Over at Cannes, where everybody is having a much cooler day than we are, Todd Haynes is running the game with his latest film, Carol, an adaptation of Patricia Highsmith’s 1952 novel The Price Of Salt starring Cate Blanchett and Rooney Mara as women who fall in love and have to deal with the fallout. IndieWire called the film “a love story that starts at a trickle, swells gradually to a torrent, and finally bursts the banks of your heart,” while Variety wrote that the film is “exquisitely drawn, [a] deeply felt love story that teases out every shadow and nuance of its characters’ inner lives with supreme intelligence, breathtaking poise and filmmaking craft of the most sophisticated yet accessible order.”
Our own Mike D’Angelo wrote, “His visual style, in concert with Carter Burwell’s plangent score, does much of the emotional heavy lifting, allowing Mara and Blanchett to strategically underplay their characters’ ardor; it’s been a long time since the movies have seen a romantic fuse burn quite this slowly and steadily. ” In other words, Carol is already a festival favorite, a likely candidate for the Palme d’Or, and is even garnering Oscar buzz already, which, like, c’mon film industry, we JUST finished writing about the Oscars, can we live?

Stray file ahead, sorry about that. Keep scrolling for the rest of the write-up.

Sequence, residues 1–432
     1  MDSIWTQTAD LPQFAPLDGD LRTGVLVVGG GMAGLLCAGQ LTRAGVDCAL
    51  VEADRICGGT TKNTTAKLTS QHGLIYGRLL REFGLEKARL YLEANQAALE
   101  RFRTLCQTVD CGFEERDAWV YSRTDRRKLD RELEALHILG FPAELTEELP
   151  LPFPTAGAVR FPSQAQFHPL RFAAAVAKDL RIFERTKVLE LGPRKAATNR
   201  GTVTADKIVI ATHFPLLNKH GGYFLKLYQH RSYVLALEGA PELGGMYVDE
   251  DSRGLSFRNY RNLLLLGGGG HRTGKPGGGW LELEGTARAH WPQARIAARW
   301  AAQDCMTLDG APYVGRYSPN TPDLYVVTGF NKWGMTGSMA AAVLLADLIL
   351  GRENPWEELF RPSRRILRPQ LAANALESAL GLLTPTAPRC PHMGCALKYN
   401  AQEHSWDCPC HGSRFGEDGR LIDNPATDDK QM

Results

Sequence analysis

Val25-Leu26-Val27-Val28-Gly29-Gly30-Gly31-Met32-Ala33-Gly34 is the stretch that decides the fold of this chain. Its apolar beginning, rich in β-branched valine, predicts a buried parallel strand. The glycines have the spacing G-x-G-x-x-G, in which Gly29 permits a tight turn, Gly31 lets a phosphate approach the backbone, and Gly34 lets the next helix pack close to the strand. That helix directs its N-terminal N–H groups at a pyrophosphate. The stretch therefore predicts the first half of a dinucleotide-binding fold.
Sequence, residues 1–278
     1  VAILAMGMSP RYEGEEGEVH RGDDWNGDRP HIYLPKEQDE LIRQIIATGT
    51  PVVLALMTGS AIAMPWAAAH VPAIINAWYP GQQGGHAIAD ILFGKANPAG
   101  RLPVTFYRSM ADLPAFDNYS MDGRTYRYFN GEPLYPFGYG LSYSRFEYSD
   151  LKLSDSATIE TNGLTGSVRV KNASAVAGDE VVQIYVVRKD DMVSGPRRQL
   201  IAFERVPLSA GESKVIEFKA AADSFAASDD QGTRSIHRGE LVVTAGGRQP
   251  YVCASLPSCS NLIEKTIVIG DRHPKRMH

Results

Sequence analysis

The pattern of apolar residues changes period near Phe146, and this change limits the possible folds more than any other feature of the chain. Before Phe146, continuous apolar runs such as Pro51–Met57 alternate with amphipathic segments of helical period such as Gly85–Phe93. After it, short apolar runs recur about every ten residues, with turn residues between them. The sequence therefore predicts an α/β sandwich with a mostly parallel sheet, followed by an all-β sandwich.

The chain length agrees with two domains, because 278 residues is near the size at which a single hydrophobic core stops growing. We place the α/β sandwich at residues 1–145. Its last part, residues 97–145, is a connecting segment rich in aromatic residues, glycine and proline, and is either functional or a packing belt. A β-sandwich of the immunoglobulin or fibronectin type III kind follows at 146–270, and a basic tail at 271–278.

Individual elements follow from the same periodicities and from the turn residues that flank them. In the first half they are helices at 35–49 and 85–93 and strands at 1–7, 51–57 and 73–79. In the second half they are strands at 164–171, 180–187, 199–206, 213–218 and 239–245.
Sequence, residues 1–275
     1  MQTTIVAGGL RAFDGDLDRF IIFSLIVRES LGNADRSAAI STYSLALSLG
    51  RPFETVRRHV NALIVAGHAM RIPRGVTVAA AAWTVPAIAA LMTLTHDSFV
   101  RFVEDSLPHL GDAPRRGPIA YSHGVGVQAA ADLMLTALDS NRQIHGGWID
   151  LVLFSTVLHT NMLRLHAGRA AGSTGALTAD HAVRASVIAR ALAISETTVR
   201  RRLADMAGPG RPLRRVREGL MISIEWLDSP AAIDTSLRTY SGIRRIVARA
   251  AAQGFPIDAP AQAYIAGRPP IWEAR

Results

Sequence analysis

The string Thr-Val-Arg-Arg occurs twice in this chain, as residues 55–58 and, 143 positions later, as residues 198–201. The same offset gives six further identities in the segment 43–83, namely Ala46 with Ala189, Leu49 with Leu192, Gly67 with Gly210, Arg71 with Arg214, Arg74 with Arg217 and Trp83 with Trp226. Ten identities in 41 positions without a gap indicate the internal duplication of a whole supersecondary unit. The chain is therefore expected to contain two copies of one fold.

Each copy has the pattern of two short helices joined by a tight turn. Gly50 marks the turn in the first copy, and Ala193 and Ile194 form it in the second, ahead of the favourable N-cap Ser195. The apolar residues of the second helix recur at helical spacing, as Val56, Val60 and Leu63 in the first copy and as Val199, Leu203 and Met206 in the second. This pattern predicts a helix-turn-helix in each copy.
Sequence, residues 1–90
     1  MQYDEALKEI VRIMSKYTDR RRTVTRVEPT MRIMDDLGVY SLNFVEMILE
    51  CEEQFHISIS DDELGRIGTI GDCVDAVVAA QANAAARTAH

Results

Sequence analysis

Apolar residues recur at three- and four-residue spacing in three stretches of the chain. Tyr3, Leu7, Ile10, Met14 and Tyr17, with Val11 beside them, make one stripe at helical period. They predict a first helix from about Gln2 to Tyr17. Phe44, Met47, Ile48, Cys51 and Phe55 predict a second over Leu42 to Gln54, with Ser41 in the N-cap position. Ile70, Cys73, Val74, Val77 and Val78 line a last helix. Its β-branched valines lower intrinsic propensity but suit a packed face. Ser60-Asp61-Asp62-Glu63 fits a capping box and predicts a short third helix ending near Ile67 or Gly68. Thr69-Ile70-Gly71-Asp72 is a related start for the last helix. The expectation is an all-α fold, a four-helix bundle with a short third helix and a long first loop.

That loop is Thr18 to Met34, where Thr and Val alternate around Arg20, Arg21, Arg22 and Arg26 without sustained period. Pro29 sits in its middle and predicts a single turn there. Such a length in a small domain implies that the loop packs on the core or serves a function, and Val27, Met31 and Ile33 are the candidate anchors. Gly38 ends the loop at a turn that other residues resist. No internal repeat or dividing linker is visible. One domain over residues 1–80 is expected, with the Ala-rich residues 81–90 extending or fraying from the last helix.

So it follows that Haynes, who is definitely still at Cannes, drinking champagne and lighting $100 bills on fire, is already lining up several high-profile projects. IndieWire reports that Haynes is working on a “limited TV series” based on The Source Family, a documentary about a cult living in California in the 1970s. Haynes, confirming the news, gave a canned quote that sounds like it was handed down from the leaders of the cult we call “cable television”: “The cable world is offering directors a new rage of opportunities,” he said. “There's a healthy sense of competition within cable and streaming entities now, they're actively looking for problematic subject matter and characters who are not just lovable. That's encouraging.”
On the film front, Haynes has signed on to direct Wonderstruck, an adaptation of Brian Selznick’s award-winning novel. The book tells a story split between two separate time periods, one of which is conveyed using words (imagine!), the other using only pictures. Here’s the synopsis:
“Ben and Rose secretly wish their lives were different. Ben longs for the father he has never known. Rose dreams of a mysterious actress whose life she chronicles in a scrapbook. When Ben discovers a puzzling clue in his mother's room and Rose reads an enticing headline in the newspaper, both children set out alone on desperate quests to find what they are missing.
Set fifty years apart, these two independent stories--Ben's told in words, Rose's in pictures--weave back and forth with mesmerizing symmetry. How they unfold and ultimately intertwine will surprise you, challenge you, and leave you breathless with wonder. Rich, complex, affecting, and beautiful--with over 460 pages of original artwork--Wonderstruck is a stunning achievement from a uniquely gifted artist and visionary.”
It will be interesting to see how Haynes pulls this one off. Will half of the film be silent? Will the other half just be a black screen? Or will he merge the two together—words and pictures!—and create an art form the likes of which the world has never seen?